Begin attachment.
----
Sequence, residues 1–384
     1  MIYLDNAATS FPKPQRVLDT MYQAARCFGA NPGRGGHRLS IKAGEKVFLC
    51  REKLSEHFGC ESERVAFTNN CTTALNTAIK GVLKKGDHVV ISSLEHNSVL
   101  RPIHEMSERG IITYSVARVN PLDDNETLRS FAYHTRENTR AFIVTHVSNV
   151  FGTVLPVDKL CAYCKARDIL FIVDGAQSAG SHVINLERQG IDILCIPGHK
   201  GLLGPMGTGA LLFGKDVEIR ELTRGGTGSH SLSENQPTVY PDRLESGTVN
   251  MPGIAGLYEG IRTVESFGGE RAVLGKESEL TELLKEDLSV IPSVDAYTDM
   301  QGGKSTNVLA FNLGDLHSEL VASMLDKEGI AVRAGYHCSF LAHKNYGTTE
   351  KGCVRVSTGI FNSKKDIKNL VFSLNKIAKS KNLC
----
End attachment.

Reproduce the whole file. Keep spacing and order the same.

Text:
Sequence, residues 1–384
     1  MIYLDNAATS FPKPQRVLDT MYQAARCFGA NPGRGGHRLS IKAGEKVFLC
    51  REKLSEHFGC ESERVAFTNN CTTALNTAIK GVLKKGDHVV ISSLEHNSVL
   101  RPIHEMSERG IITYSVARVN PLDDNETLRS FAYHTRENTR AFIVTHVSNV
   151  FGTVLPVDKL CAYCKARDIL FIVDGAQSAG SHVINLERQG IDILCIPGHK
   201  GLLGPMGTGA LLFGKDVEIR ELTRGGTGSH SLSENQPTVY PDRLESGTVN
   251  MPGIAGLYEG IRTVESFGGE RAVLGKESEL TELLKEDLSV IPSVDAYTDM
   301  QGGKSTNVLA FNLGDLHSEL VASMLDKEGI AVRAGYHCSF LAHKNYGTTE
   351  KGCVRVSTGI FNSKKDIKNL VFSLNKIAKS KNLC